Bi 502 New Testament
This course gives a broad overview of the entire New Testament in the context of history, geography, and culture of its time. The chief events, characters, and teachings of each book will be studies in reaction to God’s ongoing plan.
TH 503 Systematic Theology I
This course serves as an introduction to the nature and source of theology, the inspiration and verification of the Scriptures, the doctrine of God, the creation and doctrine of man, and the doctrine of the angels. Study includes God attributes, God’s names, and Trinitarians.
Th 513 Systematic Theology II
This course examines Christology (the doctrine of Christ), which includes the names of Christ, His nature, humiliation, exaltation, and offices, as well as the soteriology (doctrine of salvation).
Th 601 History of Christian Thought I
This course will study ministry to the physically, emotionally or relationally ill, crisis ministry and ministry to the dying and bereaved.
Th 602 History of Christian Thought II
This course is a continuation of the study early church scholars and how each impacted Christian theology and doctrine. It deals with the Reformation and the history of various contemporary theologies.
Th 607 Hermeneutics
This is a study of basic principles and specific guidelines of interpretation. Some attention is given to the historical schools of interpretation, but the focus of the course is on historical-grammatical interpretation and legitimate application of the Scriptures. General principles, such as reliance on the Holy Spirit, biblical context, ancient culture, and different literary genre are studied in this course.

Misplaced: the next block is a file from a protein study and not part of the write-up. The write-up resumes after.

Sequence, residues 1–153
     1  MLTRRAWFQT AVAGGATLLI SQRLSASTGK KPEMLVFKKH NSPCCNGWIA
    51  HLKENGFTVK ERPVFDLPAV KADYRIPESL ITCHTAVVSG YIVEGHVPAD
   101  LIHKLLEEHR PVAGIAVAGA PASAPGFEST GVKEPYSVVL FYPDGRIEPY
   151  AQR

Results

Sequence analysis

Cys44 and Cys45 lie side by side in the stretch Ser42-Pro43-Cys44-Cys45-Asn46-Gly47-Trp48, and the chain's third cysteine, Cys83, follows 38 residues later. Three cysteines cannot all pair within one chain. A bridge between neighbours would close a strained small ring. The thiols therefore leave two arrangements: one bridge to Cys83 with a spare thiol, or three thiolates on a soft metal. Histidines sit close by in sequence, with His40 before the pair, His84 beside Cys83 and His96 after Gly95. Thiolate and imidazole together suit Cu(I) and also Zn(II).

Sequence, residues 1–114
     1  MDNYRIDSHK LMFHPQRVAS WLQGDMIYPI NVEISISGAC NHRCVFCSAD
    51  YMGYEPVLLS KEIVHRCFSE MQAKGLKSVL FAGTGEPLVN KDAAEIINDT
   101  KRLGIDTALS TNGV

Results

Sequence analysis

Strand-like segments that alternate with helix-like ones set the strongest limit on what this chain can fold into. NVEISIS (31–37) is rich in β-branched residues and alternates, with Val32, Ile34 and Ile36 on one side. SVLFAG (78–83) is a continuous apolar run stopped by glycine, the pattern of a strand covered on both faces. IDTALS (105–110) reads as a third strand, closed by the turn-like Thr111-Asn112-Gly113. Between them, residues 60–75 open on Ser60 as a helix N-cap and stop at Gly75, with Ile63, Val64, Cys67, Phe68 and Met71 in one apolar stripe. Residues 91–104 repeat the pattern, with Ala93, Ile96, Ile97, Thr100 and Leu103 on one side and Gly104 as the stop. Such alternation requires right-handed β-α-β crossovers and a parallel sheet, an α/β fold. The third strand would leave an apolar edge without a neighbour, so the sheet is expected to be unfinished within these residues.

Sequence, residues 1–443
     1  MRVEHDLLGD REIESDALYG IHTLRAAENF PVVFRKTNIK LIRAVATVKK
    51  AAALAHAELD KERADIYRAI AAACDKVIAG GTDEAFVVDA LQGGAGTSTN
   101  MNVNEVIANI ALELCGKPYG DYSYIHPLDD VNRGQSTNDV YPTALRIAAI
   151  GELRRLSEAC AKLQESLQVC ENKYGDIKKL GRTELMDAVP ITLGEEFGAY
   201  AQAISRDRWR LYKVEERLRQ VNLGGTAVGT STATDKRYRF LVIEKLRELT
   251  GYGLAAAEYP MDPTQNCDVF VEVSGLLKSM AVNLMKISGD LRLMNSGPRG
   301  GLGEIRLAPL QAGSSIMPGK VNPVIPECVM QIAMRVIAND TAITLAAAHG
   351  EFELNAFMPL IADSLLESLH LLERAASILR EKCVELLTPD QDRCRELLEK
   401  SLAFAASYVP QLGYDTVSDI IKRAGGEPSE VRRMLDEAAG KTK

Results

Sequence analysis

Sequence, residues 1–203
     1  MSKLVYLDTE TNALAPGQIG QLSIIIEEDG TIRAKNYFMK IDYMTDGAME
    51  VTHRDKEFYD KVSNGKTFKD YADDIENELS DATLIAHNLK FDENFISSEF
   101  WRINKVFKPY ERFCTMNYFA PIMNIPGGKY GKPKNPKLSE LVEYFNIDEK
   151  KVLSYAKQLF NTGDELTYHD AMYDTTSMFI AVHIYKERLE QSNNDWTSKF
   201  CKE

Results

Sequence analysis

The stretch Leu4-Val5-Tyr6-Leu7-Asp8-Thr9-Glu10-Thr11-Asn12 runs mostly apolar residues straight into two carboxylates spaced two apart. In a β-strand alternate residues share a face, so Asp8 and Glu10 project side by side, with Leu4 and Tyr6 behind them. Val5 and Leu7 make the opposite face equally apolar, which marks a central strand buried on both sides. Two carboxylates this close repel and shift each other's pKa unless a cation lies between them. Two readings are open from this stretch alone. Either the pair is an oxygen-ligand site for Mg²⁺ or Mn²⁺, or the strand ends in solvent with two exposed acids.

Ath 698 Religious Studies Capstone
During the last semester of study before graduation from each program of study, and before being awarded a degree, the student will be required to complete this course in which the student produces a substantial writing assignment (generally 50-60 pages). This research paper will demonstrate comprehension and synthesis of the material covered over the course of the program of study and will address an area of interest, ministry, or future employment context, relating biblical concepts to ministry or leadership topics. A grade of C or better must be achieved in this course to earn a degree.